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which they shall conscientiously think God requires from them, and to countenance and support it with what civil sanctions they shall think proper. My examination therefore will not be, whether our ancestors exercised their right, and fulfilled their duty more or less judiciously or perfectly than their fucceffors; but in what manner and to what extent they actually made a religious establishment an essential part of their civil conftitution. This discussion has often been a subject of such rancorous controversy; that I am not totally free from fear, left the liberality even of the present day, may be at first unequal to form a perfectly unbiassed judgment upon the subject. I am now to examine the truth, not the reason of facts.
As true as it is, that in the twenty-fourth year of the reign of king Henry VIII, the majority of the people of England did, by
the act of their representatives in parliament, Acknowledge renounce and throw off the spiritual supope's spiritual premacy of the pope of Rome; so true is fupremacy no ufurpation.
it, that they had uninterruptedly acknowledged and submitted unto it for near one thousand years before the twenty-fourth of Henry VIII. A.D. 1532. It is frivolous in the extreme, to treat this spiritual supremacy
ment of the
of the pope as a papal usurpation; for who can be so simple as to believe, that such . submission could have been forced upon the English nation, who were ever jealous of their liberty, against their consent, by one hundred and seventy-one popes, who during that space. of time filled the papal see.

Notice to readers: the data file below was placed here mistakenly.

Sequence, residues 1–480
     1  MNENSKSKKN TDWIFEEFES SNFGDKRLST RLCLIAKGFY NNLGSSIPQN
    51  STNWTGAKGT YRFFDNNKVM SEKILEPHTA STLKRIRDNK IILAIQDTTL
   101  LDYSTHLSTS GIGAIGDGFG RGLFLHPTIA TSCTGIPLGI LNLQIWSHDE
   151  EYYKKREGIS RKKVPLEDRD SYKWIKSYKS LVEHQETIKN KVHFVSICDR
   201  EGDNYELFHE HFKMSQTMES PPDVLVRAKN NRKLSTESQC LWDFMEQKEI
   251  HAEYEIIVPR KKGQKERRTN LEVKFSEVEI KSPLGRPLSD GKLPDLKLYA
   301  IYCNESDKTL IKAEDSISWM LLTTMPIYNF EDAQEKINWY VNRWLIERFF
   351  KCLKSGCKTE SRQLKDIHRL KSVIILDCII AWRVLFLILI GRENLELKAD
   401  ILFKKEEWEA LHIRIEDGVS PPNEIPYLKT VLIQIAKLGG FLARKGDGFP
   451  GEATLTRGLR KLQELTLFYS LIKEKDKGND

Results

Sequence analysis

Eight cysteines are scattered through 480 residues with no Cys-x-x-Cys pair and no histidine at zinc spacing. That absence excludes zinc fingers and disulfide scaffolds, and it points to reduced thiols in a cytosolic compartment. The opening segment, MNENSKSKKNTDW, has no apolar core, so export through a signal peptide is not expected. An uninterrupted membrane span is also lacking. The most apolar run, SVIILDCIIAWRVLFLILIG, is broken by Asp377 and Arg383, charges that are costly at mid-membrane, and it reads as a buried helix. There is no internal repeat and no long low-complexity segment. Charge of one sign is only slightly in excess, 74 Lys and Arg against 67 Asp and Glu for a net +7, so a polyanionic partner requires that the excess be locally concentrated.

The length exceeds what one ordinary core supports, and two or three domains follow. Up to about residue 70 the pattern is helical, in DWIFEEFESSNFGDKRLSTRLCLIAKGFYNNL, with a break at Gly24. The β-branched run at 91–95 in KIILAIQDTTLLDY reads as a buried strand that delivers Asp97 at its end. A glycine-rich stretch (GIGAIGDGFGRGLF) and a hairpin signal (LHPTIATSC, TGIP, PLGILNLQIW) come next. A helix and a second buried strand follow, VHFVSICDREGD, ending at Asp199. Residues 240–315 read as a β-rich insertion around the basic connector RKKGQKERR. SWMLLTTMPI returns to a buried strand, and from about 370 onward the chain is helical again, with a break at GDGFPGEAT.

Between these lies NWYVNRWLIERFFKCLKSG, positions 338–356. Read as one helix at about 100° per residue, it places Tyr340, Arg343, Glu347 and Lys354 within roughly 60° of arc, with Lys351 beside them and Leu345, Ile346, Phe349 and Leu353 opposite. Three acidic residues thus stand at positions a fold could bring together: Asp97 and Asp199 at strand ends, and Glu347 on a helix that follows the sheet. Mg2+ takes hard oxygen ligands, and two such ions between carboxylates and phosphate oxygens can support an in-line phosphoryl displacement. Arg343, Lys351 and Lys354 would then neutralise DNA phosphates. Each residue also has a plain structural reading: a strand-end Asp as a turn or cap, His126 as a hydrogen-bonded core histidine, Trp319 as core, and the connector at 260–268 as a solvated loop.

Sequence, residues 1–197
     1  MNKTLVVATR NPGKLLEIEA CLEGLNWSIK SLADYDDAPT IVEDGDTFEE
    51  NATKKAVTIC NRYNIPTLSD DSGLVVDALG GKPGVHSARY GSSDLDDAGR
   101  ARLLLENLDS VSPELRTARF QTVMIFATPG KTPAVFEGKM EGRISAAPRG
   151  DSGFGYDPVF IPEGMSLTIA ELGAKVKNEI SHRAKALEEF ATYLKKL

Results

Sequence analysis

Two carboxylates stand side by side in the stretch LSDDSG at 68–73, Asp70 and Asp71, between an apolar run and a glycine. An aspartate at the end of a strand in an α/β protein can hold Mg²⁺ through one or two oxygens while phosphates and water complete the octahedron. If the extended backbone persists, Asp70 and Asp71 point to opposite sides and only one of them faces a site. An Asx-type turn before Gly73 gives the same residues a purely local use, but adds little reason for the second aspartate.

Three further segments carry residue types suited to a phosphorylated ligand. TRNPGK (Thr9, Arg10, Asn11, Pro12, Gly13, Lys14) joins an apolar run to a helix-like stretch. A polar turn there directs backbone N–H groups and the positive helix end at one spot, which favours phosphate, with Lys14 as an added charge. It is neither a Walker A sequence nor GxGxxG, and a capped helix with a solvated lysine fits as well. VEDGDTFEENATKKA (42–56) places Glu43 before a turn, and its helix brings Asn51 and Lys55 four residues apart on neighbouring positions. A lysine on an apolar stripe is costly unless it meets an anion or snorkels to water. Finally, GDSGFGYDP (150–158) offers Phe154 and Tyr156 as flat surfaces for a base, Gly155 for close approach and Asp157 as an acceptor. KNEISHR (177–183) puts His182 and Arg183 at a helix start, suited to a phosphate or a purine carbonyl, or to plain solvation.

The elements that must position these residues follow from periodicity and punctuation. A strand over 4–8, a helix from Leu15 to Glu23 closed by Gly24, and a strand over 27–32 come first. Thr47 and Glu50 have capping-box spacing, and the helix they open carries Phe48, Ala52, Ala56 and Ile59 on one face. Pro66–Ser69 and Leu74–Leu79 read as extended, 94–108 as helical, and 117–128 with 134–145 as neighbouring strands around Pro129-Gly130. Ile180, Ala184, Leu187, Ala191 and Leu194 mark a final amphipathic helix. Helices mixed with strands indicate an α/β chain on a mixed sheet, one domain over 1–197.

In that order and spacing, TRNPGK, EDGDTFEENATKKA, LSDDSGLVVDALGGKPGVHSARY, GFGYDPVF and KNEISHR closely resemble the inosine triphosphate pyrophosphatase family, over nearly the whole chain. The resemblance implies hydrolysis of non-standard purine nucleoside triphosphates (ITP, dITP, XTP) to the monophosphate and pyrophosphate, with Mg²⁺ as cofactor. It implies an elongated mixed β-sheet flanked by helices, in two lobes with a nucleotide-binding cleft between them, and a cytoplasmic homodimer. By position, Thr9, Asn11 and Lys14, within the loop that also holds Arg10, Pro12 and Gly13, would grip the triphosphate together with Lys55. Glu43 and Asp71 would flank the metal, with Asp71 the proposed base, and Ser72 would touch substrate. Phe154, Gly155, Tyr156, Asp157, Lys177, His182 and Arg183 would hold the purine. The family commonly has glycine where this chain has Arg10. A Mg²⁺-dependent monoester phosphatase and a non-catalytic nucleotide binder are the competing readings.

We must allow to our ancestors the same right and the same obligation of following the dictates of their consciences, which we claim and acknowledge ourselves. By the tenets of the religion, which they then profeffed, the spiritual primacy of the vilible successor of St. Peter was an essential article of their belief; their submission therefore to the bishop of Rome, as fuch visible acknowledged head of the church was as free, as their adoption of the religion, which taught the necessity of such a primacy. What an absurdity would it not be, to speak of the belief and profession of the Roman catholic religion in Poland or Portugal as an usurpation? And if our ancestors thought proper consent of the to make a free voluntary tender and security tent with usur
pation. to the bishops of Rome, either of Peter Pence, first fruits, or any other civil advantage, or benefit, how can that be called an usurpation, which could neither have been originally imposed, nor continue to be en
King Henry's heliet of and fubmission to the pope's su. premacy the strongest proof of its actual cxistencë.
forced by any civil or human means, without the content of the nation? The fact demonstrates the truth! For from the moment, in which the nation withdrew their confent, 'from that moment the bishop of Rome enjoyed no more civil or temporal rights, benefits, nor advantages within this kingdom, than St. Peter did from our heathen British ancestors, who inhabited the island in his days.